by Jenna Rocca
Crow’s Theatre‘s Eternal Hydra has been remounted in association with the Factory Theatre to great acclaim which is much deserved. This is one of the most original and compelling contemporary plays I have seen in quite a while, probably since Chris Abraham’s own The Patient Hour by Kristen Thomson, staged at Tarragon.
Abraham and Thomson are best known for the iconic collaboration known as I, Claudia perhaps the greatest work of Canadian theatre, in my humble opinion.
Eternal Hydra is very different, but no less bold. This show makes no hesitation and is practically religious in its solemnity, both in staging and performance. However there is still a child-like wonder in the presentation that gives it a subtle lightness that is really what makes it work so well.
Abraham has put together a pastiche expressing ideas of appropriation, artistic expression, and genius out of the script by Anton Piatigorsky. The notion of authorship is put on the table, examined and challenged.
Is the best art just the product of clever appropriation? Is this the measure of true genius? Can nothing ever be truly original if it is also inspired and “great”?
These questions are presented to the audience via the roles of several different characters each playing a role in the construction and distribution of “art.”
All of these characters are played by only four performers, who slip in and out of worlds connected by props and prose. David Ferry is the central figure as the author of the infamous “Eternal Hydra,” a one-hundred-chaptered (or headed) beast of a manuscript representing the voices of history that have been raped and re-interpreted by those with more power. His characters are the authorities in history and in the creation of art.
The book has been missing for decades, and is thought to be one of the greatest masterpieces created by man. One obsessed scholar, played by the ferocious though fragile Liisa[M1] Repo-Martell begins to uncover more and more about its creation once the great author’s diary is also discovered. These stories are also played back in flashback scenes.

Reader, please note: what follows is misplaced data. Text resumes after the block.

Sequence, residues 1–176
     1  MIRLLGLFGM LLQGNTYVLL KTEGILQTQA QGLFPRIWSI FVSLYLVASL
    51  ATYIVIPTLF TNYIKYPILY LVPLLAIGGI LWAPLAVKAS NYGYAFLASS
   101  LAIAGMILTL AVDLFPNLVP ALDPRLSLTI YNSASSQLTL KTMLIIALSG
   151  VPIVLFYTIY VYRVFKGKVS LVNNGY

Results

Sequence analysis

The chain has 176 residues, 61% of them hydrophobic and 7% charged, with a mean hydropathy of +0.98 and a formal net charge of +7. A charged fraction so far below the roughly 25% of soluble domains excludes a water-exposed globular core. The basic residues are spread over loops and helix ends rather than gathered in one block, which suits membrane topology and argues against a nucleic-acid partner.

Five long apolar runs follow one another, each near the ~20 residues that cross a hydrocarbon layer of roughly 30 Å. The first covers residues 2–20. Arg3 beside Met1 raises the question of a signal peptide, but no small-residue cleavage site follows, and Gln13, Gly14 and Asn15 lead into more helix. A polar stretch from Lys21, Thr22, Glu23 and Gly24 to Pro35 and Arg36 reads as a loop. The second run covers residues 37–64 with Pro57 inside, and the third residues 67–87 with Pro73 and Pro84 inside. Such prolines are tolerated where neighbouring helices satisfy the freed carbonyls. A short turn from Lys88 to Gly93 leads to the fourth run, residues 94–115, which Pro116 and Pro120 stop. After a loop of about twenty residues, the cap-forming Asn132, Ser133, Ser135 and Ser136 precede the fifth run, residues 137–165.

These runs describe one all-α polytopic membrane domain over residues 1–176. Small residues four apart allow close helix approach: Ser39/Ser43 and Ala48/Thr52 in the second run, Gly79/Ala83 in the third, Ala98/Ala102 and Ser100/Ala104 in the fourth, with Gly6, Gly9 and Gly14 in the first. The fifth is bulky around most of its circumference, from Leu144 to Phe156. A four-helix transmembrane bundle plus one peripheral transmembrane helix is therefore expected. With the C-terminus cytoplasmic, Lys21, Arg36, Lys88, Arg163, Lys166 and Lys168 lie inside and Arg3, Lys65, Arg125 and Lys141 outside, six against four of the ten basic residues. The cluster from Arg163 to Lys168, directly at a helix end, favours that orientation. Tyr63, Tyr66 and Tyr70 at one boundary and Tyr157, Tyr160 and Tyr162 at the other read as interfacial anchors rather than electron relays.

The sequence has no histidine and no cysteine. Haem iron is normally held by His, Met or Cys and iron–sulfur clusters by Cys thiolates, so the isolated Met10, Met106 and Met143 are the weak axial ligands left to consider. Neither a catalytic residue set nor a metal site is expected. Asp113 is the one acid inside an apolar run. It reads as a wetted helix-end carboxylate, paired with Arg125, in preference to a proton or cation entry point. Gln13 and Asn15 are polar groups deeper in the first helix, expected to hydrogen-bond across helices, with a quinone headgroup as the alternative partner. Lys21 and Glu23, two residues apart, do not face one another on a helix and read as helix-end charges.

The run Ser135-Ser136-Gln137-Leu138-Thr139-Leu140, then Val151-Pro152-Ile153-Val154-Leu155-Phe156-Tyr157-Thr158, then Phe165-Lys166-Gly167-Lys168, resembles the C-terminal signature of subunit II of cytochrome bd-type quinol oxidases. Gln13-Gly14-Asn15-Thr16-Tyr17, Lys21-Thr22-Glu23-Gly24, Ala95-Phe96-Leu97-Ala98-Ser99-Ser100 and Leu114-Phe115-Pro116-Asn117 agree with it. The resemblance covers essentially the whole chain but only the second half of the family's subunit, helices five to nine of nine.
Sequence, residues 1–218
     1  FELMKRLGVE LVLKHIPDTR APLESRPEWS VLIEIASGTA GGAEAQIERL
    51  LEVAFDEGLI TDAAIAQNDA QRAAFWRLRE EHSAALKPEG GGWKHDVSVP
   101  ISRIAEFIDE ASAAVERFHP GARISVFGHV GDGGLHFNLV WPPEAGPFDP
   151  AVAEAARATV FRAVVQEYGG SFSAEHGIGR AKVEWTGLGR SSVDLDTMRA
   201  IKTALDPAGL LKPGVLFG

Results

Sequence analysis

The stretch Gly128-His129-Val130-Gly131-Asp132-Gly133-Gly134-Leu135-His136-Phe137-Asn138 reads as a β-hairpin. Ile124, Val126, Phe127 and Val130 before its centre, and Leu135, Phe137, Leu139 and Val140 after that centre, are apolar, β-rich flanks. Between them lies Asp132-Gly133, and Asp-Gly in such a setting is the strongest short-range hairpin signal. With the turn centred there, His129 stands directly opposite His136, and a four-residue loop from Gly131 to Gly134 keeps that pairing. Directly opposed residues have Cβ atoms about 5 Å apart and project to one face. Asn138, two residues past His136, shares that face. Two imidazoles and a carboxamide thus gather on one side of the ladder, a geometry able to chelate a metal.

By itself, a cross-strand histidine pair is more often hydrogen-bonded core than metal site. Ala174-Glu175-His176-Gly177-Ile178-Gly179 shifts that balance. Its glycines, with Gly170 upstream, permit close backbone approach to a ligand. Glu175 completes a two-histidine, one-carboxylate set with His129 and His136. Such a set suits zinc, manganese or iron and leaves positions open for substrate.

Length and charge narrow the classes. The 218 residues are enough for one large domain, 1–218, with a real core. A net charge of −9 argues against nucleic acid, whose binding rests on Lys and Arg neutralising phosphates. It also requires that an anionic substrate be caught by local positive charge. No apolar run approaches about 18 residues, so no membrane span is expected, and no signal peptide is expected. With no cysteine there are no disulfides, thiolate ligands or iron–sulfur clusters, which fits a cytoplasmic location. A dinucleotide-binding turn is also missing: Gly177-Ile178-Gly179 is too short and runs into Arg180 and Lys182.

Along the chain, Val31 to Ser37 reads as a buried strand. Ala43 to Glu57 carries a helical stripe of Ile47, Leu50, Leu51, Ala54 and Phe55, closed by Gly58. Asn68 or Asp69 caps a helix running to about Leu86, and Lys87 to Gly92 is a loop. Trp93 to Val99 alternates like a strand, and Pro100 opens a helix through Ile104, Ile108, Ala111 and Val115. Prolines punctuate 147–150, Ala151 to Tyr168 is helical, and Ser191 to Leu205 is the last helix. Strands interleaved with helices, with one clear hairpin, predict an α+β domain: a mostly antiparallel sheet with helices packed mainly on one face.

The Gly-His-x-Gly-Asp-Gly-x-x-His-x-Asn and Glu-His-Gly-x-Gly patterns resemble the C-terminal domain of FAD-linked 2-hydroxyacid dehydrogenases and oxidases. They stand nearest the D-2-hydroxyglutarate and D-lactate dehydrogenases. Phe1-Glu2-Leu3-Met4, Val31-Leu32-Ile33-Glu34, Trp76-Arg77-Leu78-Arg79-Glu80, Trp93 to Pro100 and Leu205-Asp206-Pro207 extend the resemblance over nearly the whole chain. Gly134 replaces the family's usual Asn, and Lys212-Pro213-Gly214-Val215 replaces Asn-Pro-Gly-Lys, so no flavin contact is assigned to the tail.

She doesn’t like what she finds.
Her characters are the researchers, scholars, the silent mediators of art.
Cara Ricketts has a satiny resonance in both presence and voice. She trips between one character and another with complete fluidity. At one moment she is a hot, published author of contemporary New York, another a character in said author’s book, based on a real author of the thirties, southern American accent and all. In the final stretch she is the character of the second author’s short story, a black girl in New Orleans at the time of the riot of 1866. All are explicitly put forth as artists.
Finally there is the patron, at one moment the head of a publishing house in contemporary New York, at another, the same in 1930s Paris. And at yet another, the limping-Creole boss of Ricketts’s artistcharacter. These are given life by Sam Malkin.
This play is well conceived and wonderfully structured. I just felt that certain elements, like the long scene showing the breaking down of Ferry’s character to the extent of his slapping himself in the mirror and berating his heritage were excessive. There were some elements like that which could have been reigned in a bit more.
Of course I have to mention the rest of the audience, and I bring this up only to mention an overheard comment during intermission from a woman behind me: “I don’t like having to strain to understand.” With all due respect, this show is very straightforward in its content. I don’t know what was hard to understand but let’s just say she didn’t come back for the second half.
The lovely direction, vibrant performances, and lumbering staging make Eternal Hydra a must-see. Though my only qualms are with the text itself, it is a very strong work that should be seen by anyone remotely interested in the contemporary Canadian theatre scene.
– Eternal Hydra is playing at the Factory Theatre, located on the North-East corner of Bathurst St. and Adelaide, until February 13th
– tickets are $15-$40 and can be ordered online or by phone at (416) 504-9971
Photo: Cara Ricketts and David Ferry by Monica Esteves